Mimi Weddell & Jyll Johnstone (BSS #192)

Mimi Weddell is the subject of Hats Off. Jyll Johnstone is the director of the film. The film opens in New York on March 28, 2008.


Condition of Mr. Segundo: Under scrutiny from his schizophrenic creator.

Guests: Mimi Weddell and Jyll Johnstone (Hats Off)

Subjects Discussed: Starting the film in Central Park and ending the film in Central Park, a documentary as a self-Rorschach test, dealing with subjects who are used to having a camera in front of them vs. those who are not, eliding moments from the film that were too candid, Mimi Weddell’s relationship with her son Tommy, visiting Elizabeth Arden’s three times a week, marching to one’s own drumbeat, rotundity vs. remaining thin, Jyll Johnstone’s concern for making documentaries involving older people, celebrating our elders, dwelling upon misery vs. “rising above it,” going to an audition right before a funeral service, acting as a physical business, being on TV with a hermaphrodite, unreasonable requests, being afraid of machines, radio, using footage under the fair use provision, Mimi’s hats, smoking vs. profanity, working on multiple documentaries at the same time, and a mystery theater poem.*


Correspondent: Mimi, at one point in the film, you say, “The older you get, the less you dwell on anything miserable that’s happened. If you do, you’re done for.” And yet there’s one moment late in the film in which you cry. In fact, you just described this notion of seeing the film and crying. And on the morning that Dick [Mimi’s husband] dies, you send your daughter Sarah off to Elizabeth Arden’s. And you yourself go off to an audition in California. So maybe this is a question for both of you. To what degree can one dwell upon misery or grief? Or is it a matter of continuing to move forward? Is this film intended to answer the question of just how much one can “rise above it” — so that mantra reads in your apartment, Mimi? What’s the deal here?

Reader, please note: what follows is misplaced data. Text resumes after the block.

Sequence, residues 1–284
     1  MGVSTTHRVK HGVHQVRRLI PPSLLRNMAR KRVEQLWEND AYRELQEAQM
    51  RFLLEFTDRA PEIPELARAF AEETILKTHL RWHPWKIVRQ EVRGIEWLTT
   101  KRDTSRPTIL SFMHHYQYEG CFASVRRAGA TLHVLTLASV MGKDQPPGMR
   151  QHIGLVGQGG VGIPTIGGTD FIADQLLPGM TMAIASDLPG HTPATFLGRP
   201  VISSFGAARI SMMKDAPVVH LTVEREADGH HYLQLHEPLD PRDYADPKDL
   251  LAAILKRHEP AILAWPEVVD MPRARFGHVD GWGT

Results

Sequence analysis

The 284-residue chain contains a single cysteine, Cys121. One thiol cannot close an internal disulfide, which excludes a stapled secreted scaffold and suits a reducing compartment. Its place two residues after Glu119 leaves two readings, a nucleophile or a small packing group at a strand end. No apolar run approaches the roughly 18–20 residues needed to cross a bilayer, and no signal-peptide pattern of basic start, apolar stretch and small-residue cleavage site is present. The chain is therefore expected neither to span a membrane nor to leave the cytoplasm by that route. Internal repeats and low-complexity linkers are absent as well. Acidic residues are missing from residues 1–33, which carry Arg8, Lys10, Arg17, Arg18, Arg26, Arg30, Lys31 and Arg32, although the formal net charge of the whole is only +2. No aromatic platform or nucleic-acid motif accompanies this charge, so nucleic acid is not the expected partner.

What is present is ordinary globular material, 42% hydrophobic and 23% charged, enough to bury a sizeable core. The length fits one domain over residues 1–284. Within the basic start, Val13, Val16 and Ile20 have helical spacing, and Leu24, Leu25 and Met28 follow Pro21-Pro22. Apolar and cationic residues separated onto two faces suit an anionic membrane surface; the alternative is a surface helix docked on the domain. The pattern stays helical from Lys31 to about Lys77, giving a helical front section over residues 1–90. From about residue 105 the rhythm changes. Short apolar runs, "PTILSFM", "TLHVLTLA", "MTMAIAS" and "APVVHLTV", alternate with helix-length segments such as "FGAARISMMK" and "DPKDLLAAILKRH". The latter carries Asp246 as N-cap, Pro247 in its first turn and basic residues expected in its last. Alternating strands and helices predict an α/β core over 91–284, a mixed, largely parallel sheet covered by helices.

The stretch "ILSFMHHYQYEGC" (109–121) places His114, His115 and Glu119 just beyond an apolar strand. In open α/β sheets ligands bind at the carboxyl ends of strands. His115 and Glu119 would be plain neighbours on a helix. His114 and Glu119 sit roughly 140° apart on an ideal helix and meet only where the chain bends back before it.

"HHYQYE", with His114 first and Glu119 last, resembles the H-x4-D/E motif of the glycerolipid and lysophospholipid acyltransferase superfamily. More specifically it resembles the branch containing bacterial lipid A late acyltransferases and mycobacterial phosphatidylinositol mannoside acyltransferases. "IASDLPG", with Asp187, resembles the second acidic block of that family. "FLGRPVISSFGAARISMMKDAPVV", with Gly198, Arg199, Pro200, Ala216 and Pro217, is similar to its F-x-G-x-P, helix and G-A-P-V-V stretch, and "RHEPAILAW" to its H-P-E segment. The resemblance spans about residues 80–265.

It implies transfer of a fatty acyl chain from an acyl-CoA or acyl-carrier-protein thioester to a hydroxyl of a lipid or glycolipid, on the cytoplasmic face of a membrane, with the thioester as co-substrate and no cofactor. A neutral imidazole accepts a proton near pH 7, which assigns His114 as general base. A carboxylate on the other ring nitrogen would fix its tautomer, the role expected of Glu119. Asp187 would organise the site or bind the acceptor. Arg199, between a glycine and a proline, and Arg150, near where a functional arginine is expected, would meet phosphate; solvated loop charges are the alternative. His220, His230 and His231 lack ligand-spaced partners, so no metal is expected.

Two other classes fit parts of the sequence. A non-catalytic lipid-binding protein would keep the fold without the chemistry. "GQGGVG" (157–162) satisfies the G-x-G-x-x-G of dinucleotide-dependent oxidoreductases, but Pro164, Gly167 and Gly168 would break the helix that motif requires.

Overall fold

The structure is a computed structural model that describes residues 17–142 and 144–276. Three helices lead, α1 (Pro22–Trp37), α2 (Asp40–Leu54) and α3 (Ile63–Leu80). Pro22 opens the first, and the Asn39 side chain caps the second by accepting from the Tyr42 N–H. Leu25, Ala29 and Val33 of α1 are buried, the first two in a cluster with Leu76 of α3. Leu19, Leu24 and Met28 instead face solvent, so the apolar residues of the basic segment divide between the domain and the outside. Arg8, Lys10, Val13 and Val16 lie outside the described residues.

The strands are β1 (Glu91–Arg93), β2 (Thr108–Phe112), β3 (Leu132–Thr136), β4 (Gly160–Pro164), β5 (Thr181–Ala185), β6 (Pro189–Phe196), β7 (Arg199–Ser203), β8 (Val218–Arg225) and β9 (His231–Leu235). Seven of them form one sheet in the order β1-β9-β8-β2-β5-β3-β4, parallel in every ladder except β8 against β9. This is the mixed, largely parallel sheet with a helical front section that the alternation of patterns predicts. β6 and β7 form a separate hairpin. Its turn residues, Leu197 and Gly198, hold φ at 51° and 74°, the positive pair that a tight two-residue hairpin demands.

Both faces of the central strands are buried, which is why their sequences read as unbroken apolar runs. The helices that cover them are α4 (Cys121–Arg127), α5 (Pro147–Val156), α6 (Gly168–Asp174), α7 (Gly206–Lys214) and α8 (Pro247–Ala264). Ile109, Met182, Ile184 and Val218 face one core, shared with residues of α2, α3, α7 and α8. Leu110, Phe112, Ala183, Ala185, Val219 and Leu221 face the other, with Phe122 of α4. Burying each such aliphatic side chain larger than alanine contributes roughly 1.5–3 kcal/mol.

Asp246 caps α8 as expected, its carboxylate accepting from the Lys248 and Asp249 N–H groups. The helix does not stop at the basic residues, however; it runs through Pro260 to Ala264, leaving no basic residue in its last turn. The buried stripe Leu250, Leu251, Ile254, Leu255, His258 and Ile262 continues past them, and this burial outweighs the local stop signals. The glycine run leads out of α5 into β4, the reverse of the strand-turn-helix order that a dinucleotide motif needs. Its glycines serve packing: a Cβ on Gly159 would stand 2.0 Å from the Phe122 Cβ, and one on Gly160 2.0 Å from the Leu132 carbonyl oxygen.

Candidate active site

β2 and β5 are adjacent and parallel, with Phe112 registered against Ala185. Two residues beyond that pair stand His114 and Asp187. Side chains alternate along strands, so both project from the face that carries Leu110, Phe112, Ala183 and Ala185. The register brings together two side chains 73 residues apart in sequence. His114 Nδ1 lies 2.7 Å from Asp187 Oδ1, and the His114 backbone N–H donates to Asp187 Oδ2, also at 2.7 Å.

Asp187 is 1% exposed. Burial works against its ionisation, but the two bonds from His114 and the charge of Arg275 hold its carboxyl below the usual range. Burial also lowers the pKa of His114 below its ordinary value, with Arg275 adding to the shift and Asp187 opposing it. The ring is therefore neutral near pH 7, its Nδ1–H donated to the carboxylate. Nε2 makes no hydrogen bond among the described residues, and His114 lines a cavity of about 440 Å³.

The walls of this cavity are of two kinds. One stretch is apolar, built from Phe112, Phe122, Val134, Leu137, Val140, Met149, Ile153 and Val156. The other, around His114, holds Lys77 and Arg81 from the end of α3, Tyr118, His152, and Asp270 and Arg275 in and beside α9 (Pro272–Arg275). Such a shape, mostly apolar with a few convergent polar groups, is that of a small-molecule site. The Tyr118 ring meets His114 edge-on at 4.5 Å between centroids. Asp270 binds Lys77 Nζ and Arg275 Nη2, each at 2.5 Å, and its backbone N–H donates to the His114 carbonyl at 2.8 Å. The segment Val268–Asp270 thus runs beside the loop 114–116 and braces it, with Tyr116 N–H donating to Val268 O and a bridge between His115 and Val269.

Weddell: Well, I was on my way to Dick’s service at St. Thomas. And the place was really filled. It was amazing. He was a very popular man. In any case, Sarah came down in the elevator. And they told me that this call was from California. And it was Michael Ritchie — I think it was Ritchie — who called and said, “Can you audition this afternoon?” And I said, “Sure, I’m on my way to Dick’s service, but I will certainly audition.” What else? I mean, people have been rather astonished that I would do that on the way to Dick’s service. But what else was there for me to do? Just go home and worry about the bills? No.

In any case, I did the audition and they wanted me to come to Texas to shoot the film. I said, “Fine.” And so off I went. To me, it’s not a surprise. It’s just natural.

Johnstone: You have choices in life. You either look forward or look back, have regrets or not have regrets. I think the reason why I’m attracted to Mimi is that she lives in the moment.

* — Two days after this conversation, Mimi Weddell sent me a kind note in the mail with the poem in question. But while preparing taxes, this note was filed away with other papers. When my time clears up, I will provide a link to the poem in question.


  1. Judas Rat

    Hey, Ed. This is the jerk who wrote that iTunes review. I have a hunch the intro to this episode was referencing (quite humorously) my comments regarding the Bat Segundo intros. (Maybe I’m wrong and guilty of Carly Simon “You’re So Vain” syndrome.) Anyway, I have to say I feel guilty about what I wrote and I’m sorry. Humor is very subjective, and I feel bad for urging you to make your podcast more conventional. I’m not going to say that I like those intros (maybe in part because I listened to all of your archives in the space of a brief time), but it’s easy for me to sit back and puke all over your enthusiasm for Mr. Segundo when I’m not doing diddly myself. Anyhow, you’re a talented guy and sorry again for the negative sniping. I don’t want to be that person.

  2. Geezerdad

    Jyl: You need Geezerdad author of The Viagra Monologues-The Zen Of Older Parenting who had his first kid eight years ago when he was 67.
    call after the last show! Geezerdad

  3. Gini Alhadeff

    Urgent: Italian ELLE magazine has asked me to interview Mimi Weddell for an upcoming issue of the magazine. I don’t have an e-mail address or other contact for her and would be grateful if someone would put me in touch with her.
    Best regards,
    Gini Alhadeff

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